Economic Policy, Health Care and Historic Models: Professor John Ehrenberg
There are two US wars raging, unemployment has skyrocketed, and the US military has reported the highest number of recruits since 1973. Right now, there are 67,000 US troops in Afghanistan, and 119,000 in Iraq. The laws, practices and policy of the Bush Administration are still in place, that push the country dangerously further into a police state. We’ve recently watched the military attack civilians with sonic weapons in Pittsburgh, and the US Justice Department recently admitted to working with AT&T to spy on its citizens. Can any model of democracy work under these conditions and what are the similar historic narratives of where the United States is at now?
My part of the panel was Marx’s political journalism from the 1840s when he’s talking about France.
He’s observing the class struggle and revolution in France. How a dysfunctional political system was incapable of dealing with objective needs.
Comparing where we are today, specifically health care, the president says if we don’t address this we will bankrupt the states
One of the major drivers of the collapse of auto industry is the cost of health care.
The political apparatus is so dysfunctional and paralyzed, and so beholden to a particular set of “special interests” that it can’t move forward.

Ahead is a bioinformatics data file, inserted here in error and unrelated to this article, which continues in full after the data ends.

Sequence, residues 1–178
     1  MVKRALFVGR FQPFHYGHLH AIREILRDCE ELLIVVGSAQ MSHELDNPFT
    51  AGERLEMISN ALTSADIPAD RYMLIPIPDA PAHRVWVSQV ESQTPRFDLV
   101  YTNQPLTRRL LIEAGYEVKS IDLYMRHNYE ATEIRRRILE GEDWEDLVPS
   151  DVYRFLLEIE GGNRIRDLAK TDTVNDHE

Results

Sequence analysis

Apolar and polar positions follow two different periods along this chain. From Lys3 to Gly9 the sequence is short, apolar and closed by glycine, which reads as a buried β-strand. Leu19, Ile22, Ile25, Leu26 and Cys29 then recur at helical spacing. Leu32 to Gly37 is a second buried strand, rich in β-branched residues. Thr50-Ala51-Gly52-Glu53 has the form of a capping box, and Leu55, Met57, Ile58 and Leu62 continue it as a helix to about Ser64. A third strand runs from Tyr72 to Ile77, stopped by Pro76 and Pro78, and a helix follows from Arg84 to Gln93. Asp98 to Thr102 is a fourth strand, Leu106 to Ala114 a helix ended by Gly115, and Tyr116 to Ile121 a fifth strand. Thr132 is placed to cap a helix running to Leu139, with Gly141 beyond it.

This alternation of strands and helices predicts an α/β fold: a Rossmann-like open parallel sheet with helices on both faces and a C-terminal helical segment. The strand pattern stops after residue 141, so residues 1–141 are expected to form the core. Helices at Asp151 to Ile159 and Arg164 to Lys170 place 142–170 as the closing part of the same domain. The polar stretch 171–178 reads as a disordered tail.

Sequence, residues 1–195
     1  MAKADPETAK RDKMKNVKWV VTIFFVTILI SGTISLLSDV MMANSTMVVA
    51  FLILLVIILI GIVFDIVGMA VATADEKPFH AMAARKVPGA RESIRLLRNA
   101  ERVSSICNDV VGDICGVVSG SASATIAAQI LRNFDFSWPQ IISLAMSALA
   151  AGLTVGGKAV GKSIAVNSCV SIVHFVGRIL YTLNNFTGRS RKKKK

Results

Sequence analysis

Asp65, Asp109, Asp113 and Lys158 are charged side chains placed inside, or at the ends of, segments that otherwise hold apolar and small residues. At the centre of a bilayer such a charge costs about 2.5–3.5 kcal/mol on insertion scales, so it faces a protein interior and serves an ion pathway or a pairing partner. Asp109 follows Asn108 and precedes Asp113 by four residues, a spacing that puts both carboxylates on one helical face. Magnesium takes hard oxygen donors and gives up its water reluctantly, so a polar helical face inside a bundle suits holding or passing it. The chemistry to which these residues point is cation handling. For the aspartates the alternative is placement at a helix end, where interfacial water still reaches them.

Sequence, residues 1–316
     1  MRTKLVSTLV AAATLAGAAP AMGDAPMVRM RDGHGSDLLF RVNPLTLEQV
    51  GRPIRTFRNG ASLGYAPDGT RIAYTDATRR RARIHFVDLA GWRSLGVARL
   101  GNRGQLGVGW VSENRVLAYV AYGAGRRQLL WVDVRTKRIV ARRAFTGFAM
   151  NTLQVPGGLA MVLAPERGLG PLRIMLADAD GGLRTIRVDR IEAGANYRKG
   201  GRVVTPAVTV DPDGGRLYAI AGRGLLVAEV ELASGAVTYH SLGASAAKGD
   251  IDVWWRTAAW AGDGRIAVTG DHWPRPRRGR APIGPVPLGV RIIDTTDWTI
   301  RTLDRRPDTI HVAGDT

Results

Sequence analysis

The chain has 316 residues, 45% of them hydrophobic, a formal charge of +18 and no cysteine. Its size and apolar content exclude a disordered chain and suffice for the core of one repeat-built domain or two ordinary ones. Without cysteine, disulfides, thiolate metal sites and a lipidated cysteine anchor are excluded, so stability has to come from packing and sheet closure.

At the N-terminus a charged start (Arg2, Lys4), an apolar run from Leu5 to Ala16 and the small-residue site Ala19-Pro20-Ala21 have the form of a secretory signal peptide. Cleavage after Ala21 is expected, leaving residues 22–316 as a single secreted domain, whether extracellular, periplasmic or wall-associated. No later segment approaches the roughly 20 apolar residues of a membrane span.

This is only the first of several instances that are coming down the road
Another part of this is structural in the part of the system. This system was consciously designed to allow special interest to penetrate the political apparatus. Structured so that it is way more difficult to get anything done, anything comprehensive, than it is to block reform.
The history of the country is filled with failed attempts to pass anything comprehensive. So it has made pieces of the state to be almost colonized by these special interests. Obama has big plans, but they’re systemic, trying to change an entrenched system. Unlike FDR who came into office as a tinkerer.
It’s more than the role of the republican party, its bigger, the Republican party is shrunken into this southern male, undereducated white Christian party.
Elections don’t settle anything, they give a sense of the mood of the country but 65 percent of the country when polled wanted a public option, and we ain’t going to get it!
We look to Obama to mobilize and he ain’t gonna do it. We have a structural crisis.
The official structures of the state are increasingly unresponsive, political polarization.
Political polarization is almost in direct proportion to levels of economic inequality.
The more unequal in distribution of wealth, the more polarized and institutional dysfunction. Since 1980 Congress hasn’t gotten anything important done.
We are the most unequal advanced country on the planet.
It doesn’t matter what the president wants, there are these deep structures in the state that impose their imperatives on elected political leaders.
Nobel Peace Prize not given to Obama but really to the American voter.
Guest – John Ehrenberg, author of Servants of Wealth, The Right’s Assault on Economic Justice, professor of political science at Long Island University.